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Retouching in the dark

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  #1  
Old 12-01-2008, 07:29 PM
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flieckster flieckster is offline
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Retouching in the dark

Hello everyone. I wanted to get everyones opinion on room lighting conditions when your retouching photos? I am of the believe that lights should be off, and desk lamps used so you don't get glare. My staff on the other hand likes the windows. before i decided to force everyone to the dark side, i wanted to get everyones ideas.

how do you work? keep in mind you might be doing color correction, retouching, basic editing, color changes. what works best?

one of the options i was thinking was turning the lights on, but making everyone use hoods, but i feel like they cause tunnel vision.

links and articles would be great.

thanks in advance.
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  #2  
Old 12-01-2008, 08:59 PM
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igot2pman igot2pman is offline
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Re: Retouching in the dark

I normally see people with the "hoods". But I can see how that could get annoying.

An alternative could be this color calibrator that adjusts its calibration to the light temp, Pantone huey Pro MEU113. I have not used it but I am getting it for x-mas.

huey™PRO
+ World’s first built-in ambient light sensor enables consistency never seen before in any lighting condition.

Embedded with a high-precision sensor, huey automatically measures the ambient light within a room for a new level of precision calibration. Even after the calibration process, huey will observe the light falling on the display and automatically adjust the screen brightness for accurate onscreen viewing any time of the day.

-Keven

Last edited by igot2pman; 12-01-2008 at 09:40 PM.
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Old 12-01-2008, 09:22 PM
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Re: Retouching in the dark

Flieckster,
Welcome !... or should I say, glad you decided to chime in !

I'm sure there are books on the subject, although I don't have a link for you. The rules for the office aren't much different than in a home office. However, you have many other issues to deal with, namely everyone elses' idea of what's right, wrong or just bothersome.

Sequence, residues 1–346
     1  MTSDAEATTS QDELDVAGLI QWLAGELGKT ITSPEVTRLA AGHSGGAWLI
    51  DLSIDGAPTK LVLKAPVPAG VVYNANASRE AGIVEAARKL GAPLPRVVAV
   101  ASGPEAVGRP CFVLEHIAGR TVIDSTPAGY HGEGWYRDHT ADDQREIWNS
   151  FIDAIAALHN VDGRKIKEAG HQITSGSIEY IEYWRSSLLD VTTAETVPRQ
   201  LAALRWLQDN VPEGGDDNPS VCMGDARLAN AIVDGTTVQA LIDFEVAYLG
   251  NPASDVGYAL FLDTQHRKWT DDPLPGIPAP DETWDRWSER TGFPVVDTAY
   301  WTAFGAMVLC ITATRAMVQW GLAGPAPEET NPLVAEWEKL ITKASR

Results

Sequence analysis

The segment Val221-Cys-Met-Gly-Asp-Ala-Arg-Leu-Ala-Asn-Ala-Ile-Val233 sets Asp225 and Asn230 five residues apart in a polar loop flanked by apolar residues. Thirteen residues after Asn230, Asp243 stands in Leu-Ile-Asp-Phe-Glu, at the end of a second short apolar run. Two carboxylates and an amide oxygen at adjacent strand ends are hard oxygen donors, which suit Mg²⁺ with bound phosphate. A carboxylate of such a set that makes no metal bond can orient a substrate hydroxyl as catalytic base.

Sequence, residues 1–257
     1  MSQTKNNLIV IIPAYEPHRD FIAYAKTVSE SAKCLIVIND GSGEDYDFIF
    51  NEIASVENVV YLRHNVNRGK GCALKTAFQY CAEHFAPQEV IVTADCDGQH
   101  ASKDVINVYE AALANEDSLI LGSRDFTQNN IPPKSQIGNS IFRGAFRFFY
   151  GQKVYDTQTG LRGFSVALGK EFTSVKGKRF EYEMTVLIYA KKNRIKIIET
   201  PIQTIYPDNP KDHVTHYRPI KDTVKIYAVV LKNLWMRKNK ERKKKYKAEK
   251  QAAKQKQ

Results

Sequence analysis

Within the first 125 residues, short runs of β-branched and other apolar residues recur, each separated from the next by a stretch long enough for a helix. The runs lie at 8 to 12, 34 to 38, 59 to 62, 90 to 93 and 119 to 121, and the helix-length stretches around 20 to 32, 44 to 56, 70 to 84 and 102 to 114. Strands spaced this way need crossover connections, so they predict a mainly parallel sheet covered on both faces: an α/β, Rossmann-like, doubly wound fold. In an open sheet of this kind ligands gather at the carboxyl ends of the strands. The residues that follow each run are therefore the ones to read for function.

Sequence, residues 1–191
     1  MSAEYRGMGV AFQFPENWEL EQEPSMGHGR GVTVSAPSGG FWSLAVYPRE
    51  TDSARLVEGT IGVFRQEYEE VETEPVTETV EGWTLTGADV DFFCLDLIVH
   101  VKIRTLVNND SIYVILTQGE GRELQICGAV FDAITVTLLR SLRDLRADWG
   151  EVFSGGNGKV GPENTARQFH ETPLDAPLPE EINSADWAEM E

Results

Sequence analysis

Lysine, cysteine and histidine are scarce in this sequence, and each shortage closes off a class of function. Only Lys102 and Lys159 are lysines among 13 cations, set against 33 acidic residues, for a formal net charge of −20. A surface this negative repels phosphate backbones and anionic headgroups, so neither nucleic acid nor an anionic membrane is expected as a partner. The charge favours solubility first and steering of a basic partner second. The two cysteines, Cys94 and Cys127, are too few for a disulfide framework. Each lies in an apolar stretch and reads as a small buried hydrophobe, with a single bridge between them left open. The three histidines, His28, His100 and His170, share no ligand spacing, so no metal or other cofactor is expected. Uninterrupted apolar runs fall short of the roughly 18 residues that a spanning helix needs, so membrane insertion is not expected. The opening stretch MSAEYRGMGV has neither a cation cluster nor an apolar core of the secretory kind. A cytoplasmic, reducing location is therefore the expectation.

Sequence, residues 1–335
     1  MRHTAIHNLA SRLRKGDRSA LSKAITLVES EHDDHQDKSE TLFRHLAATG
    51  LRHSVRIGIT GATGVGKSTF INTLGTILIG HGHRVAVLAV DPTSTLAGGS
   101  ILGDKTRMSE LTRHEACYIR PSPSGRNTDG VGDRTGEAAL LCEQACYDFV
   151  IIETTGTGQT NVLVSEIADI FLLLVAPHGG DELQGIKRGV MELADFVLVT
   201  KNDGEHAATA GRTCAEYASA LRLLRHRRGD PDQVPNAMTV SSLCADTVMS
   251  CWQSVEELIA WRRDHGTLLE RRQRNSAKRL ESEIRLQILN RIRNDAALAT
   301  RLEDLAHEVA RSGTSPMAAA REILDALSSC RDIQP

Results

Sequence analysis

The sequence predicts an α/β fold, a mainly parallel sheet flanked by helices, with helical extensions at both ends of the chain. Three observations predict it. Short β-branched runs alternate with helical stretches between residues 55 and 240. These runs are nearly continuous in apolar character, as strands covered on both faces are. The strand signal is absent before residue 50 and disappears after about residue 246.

The color of walls, carpet, ceiling all play in as well as lighting sources. Neutral colors are generally best. Overhead lighting should be standardized (all bulbs, reflectors, etc the same), and generally are chosen to be 5K or 6.5K. Outside lighting is generally not good, as it varies too much based upon the weather. The whole key is consistency - unfortunately sunlight is not consistent.

Be careful not to overdo the lighting. There are also numerous studies by energy engineers contributing work related health problems to too high a candela rating on reflective work surfaces. These vary from headaches to eye sight problems. So, brighter is not always better. Consult someone before making dramatic changes in lighting.

Hoods are a standard way of preventing other lighting from affecting critical retouch work. Maybe everyone doesn't need a hood, but some will. Make them available for those critical tasks. If you settle on hoods, there are many. Here is one link to a reputable source. GTI Graphic Technology, Inc.
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Old 12-02-2008, 08:04 AM
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Re: Retouching in the dark

Instead of a dark room, try an evenly lit room with reduced lighting. It doesn't have to be dark, in fact a room that is too dark can create eye strain as much as too much light, as the contrast between the lit monitor and the dark room can be very sharp. In my opinion, a softly lit room, with neutral colors works about the best.

Tommy's comments above are also pretty much on the mark.
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Old 12-02-2008, 02:01 PM
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Re: Retouching in the dark

Thanks for all the great advice so far. My area is in the back of the building and is surrounded by windows. one of my ideas is to get simply shades. something that blocks out the sun but still lets in some light. This way its not completely dark but is controlled. does any know have any experience working with shaded or tinted windows? or is it better to black them out? i would hate to do that since people to enjoy seeing out side. any suggestions?
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Old 12-03-2008, 12:54 PM
E Sugg E Sugg is offline
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Re: Retouching in the dark

I had the same challenge of setting up a color correction/retouching dept. We are in a room that is very large with no windows, but with bright florescent lights. Only a few people needed controlled lighting so we put up partitions and hung drapes around the ceiling to cut out the harsh florescents (just removed the blubs over the workstations). Then each area got D50 lighting that each person could control at each station. I used a Solux kit Solux Color Proof Kit and I've been very pleased with it! It was a bit expensive but it's been great since I needed the controlled lighting plus being able to get an accurate look at my prints without a lighting booth.
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Old 12-04-2008, 09:13 AM
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Re: Retouching in the dark

Try some heavy drapes.
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